Wednesday, July 28, 2010

Just Say No To Medical Fluff

Would you go in to a car dealership, jewelry store, a realtor's office, a clothing store. . . . or anyplace and say, "Just give me what you think I ought to have. I don't care what it costs."

I wouldn't.  But when a physician ordered three MRIs and an EVR  it took several phone calls to find out how much they would cost. I guess when it comes to medical tests, hospitals consider that I am one of two kinds of people.  I'm either a person with medical coverage - in which case I shouldn't be so gauche as to ask how much something should cost; or I'm a person without insurance in which case. . . well, in which case I wouldn't have gotten as far as to see a physician to have tests scheduled in the first place.

As near as I can tell with the information I was able to rip from the strong, tight jaws of the hospital and my insurance company, my responsibility will be for 20% of the charge plus $75.  That means ol' Fay here, would end up spending $2441.60. 
That's right, the charge for the three MRIs and some test where I stare into a box with changing lights for a couple of hours - which by the way, sounds to me like something guaranteed to cause a migraine - is $11,833.  This does not include the tests on the three quarts of blood they took from my ever-weakening arm.

Well, I ain't doin' it.  I've had MRIs before. They showed some spots on my brain.  I reckon they'll still be there.  But this guy doesn't even want to see my old pictures.  Actually, I'm kicking myself for going to this neurologist in the first place.  Well, live and learn.

Seriously, what was I thinking?  This electrician doesn't care about symptoms.  He cares about numbers and locations of spots.  He's a spot-treater. 

Well I don't care about the spots. I would like to stop running into door jams and having blurry vision.  I'd like to stop toppling from personal earthquakes and I'd like my muscles to behave.  How will counting spots do that?  He can't answer that question.

So I fired him. 

But what sort of a system is this where physicians see you for 15 minutes and order $12,000 worth of tests?  Where it's so rare to ask for the cost of procedures that the hospital switchboard isn't really even sure how to forward the call? Where physicians don't care about symptoms, which are subjective but only signs that can be measured and calibrated.  Do you think this sort of practice has anything to do with why 40% of South Carolinians can't afford health care coverage at all?

I'm very grateful to have "good insurance" and I think it's too precious to use frivolously.  Just because my local hospital has an MRI machine and I have insurance isn't a good enough reason for me to have $12,000 worth of pictures.

I want to make sure that the main reason I'm having a test or procedure isn't because I have "good insurance."

I'm the one running the show when it comes to my health care.  I hire my physicians and fire them if they don't answer my questions.  I pay for my insurance and copay and deductibles and vitamins and medications and I am responsible for deciding what is necessary and helpful and what is just fancy, fluffy, unbelievably expensive procedures.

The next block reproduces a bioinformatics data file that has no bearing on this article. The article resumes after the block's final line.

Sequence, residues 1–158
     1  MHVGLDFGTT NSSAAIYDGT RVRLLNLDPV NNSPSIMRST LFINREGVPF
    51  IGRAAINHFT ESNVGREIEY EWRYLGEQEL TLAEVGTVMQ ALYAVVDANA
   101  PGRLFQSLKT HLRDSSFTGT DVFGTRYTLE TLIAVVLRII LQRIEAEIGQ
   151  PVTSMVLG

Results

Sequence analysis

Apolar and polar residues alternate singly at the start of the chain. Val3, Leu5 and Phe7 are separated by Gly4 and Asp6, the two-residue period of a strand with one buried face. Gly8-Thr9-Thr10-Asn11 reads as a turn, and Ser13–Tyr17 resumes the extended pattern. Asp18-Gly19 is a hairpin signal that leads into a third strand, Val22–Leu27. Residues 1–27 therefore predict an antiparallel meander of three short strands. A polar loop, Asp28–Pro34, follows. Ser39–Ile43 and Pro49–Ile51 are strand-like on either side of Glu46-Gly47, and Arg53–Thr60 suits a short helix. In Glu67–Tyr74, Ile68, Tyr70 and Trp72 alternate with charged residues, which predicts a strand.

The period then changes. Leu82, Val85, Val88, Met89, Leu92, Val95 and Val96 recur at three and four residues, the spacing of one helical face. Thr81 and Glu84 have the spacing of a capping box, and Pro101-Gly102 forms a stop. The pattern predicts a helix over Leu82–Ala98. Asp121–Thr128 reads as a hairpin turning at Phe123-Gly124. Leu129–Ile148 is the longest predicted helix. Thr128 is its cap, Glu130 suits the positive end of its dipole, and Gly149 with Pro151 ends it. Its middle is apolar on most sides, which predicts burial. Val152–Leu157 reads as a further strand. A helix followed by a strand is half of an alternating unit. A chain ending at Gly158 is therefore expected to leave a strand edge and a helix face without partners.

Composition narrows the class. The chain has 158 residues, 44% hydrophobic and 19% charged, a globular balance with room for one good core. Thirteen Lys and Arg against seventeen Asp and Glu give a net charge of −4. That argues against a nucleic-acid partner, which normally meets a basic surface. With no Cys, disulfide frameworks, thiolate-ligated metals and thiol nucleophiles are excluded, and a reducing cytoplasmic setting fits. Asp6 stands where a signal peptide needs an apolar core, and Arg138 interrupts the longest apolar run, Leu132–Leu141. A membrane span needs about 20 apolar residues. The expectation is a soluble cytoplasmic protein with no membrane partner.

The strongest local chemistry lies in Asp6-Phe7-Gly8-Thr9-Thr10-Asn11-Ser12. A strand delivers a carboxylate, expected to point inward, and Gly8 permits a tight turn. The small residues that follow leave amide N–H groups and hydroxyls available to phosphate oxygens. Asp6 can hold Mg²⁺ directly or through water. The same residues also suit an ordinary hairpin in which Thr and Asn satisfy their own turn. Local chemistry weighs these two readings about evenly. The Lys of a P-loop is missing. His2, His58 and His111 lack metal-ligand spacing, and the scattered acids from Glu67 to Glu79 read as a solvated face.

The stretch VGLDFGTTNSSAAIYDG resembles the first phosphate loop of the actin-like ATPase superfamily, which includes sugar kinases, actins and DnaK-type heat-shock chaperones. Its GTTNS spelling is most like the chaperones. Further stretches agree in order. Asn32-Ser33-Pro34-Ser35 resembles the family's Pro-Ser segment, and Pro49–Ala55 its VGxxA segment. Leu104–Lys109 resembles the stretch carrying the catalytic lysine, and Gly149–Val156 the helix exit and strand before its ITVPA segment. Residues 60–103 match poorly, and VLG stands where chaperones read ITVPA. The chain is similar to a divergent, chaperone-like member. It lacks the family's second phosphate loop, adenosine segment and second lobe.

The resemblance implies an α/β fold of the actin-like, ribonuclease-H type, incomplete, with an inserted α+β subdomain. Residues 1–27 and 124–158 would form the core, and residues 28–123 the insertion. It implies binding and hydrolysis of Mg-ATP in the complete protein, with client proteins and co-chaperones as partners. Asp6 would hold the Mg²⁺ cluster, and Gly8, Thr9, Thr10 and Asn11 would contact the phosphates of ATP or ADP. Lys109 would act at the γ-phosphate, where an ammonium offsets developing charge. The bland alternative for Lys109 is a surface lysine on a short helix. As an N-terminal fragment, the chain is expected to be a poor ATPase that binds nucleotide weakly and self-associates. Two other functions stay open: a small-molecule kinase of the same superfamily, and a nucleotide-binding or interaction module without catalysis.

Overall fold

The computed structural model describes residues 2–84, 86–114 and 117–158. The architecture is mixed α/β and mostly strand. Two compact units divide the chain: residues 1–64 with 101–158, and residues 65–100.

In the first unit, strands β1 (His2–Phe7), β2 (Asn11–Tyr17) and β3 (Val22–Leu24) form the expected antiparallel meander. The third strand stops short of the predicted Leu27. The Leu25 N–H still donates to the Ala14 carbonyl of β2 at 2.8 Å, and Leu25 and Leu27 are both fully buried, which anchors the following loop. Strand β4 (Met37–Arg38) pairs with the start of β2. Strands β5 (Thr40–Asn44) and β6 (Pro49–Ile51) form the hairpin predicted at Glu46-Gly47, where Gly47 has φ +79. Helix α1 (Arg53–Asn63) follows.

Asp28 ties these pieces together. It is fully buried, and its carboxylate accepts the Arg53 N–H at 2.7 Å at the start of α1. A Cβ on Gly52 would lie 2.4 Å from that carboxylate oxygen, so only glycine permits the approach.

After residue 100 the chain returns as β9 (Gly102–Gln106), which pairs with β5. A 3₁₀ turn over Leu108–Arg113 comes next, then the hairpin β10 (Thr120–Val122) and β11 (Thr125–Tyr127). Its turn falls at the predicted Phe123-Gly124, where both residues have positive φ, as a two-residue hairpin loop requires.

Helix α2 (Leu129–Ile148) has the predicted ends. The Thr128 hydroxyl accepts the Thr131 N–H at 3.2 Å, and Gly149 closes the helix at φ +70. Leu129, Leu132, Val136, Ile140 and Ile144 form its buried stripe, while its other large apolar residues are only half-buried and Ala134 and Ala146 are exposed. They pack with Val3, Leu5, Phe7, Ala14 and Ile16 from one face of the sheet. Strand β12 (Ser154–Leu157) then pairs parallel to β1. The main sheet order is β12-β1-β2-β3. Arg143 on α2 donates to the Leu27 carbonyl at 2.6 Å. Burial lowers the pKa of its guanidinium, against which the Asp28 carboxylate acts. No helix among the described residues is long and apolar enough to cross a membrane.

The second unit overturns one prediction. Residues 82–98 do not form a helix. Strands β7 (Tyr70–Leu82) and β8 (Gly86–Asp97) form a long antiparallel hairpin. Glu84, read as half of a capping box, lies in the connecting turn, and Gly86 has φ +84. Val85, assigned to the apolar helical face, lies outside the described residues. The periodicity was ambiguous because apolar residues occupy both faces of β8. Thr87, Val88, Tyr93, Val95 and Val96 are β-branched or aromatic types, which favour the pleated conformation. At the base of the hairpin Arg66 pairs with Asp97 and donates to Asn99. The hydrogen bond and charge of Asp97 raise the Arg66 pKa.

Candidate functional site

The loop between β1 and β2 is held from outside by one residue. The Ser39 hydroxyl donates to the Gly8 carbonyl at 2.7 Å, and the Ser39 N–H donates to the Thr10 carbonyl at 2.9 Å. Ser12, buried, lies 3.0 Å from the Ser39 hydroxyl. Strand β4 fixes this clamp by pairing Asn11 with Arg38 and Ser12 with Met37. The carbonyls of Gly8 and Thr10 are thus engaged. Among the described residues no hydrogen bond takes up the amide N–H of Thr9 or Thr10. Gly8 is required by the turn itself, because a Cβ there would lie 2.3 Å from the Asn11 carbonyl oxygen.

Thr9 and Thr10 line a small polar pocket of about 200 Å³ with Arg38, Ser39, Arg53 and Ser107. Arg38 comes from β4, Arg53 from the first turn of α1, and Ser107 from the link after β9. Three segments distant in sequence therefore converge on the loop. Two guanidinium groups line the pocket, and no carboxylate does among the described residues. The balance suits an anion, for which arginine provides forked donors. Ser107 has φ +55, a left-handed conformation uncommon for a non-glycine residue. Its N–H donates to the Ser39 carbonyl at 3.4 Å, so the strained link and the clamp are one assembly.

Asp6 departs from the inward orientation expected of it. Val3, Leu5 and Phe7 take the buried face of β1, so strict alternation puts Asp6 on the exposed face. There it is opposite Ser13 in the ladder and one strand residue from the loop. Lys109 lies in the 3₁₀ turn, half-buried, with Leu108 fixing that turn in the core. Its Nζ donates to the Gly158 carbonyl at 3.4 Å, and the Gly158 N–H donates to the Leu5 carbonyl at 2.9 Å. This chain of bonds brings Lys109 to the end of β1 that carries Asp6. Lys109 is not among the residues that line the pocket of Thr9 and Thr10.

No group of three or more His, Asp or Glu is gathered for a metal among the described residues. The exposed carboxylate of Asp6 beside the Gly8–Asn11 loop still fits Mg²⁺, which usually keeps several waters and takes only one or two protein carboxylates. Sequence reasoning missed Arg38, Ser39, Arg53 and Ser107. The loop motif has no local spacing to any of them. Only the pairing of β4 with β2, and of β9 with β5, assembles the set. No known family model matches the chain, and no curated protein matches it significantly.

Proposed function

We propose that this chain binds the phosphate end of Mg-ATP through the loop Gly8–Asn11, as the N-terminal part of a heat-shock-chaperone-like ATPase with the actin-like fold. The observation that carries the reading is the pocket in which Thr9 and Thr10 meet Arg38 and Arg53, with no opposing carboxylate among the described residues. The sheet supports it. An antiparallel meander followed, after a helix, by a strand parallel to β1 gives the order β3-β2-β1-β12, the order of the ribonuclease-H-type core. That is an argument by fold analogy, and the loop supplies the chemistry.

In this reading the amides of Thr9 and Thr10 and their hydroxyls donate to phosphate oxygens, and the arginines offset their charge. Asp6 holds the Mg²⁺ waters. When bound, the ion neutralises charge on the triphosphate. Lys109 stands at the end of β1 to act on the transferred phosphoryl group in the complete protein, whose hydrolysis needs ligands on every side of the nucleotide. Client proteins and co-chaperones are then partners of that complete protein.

I don't have to be a physician.  If my physician can't or won't explain things in a way I can understand,  or if she somehow makes me feel as if I shouldn't be asking, she isn't doing her job.  And we all have to be responsible for understanding as well as we can, our health care and be willing to say "Enough is enough, already!"

Sunday, July 18, 2010

In a Pickle

In early spring, when planting a garden, it's impossible to remember how big tomato plants get and how many cucumbers one vine produces.  It's inevitable, then, that I over plant each time. 

Why do cucumber seeds come in such large numbers anyway?  The only reason I can think of, is that the people who package the seeds expect us to lose at least three quarters of the produce hidden under leaves until they are just too big to do anything with except to look at them in wonder. 

This year I planted some little pickling varieties so I could pick them at a reasonable three inch length to make into dills.  But if I don't get out there to pick them twice a day, and if I don't find them in their hiding places under the wide leaves in time, they just become shorter, fatter, too-big-to-use, gold-green monstrosities.  I swear today a vine grabbed me as I was passing by and pointed at some of the little devils that were hiding from me. 

Zucchini will hide from a gardener, too.  But even a very large zucchini can be used for something.  I've stuffed and baked a couple this year with a sausage, Parmesan, onion, bread crumb stuffing. That was quite yum.  And I plan to grate a hider tomorrow and make some zucchini bread.  Once when I was very young, a zucchini got away from my dad until it was the size of a newborn.  I drew a face on it and wrapped it in a blanket.  But an overgrown cucumber would make one very ugly baby doll.  You just have to find them in time, that's all.

Even with the hiding vegetables, I always bring in more vegetables than seems possible, from vines that move around the garden like homesteaders. And I've got lots and lots of volunteer cucumbers as well as squash and melons that appeared where ever I used my home made compost.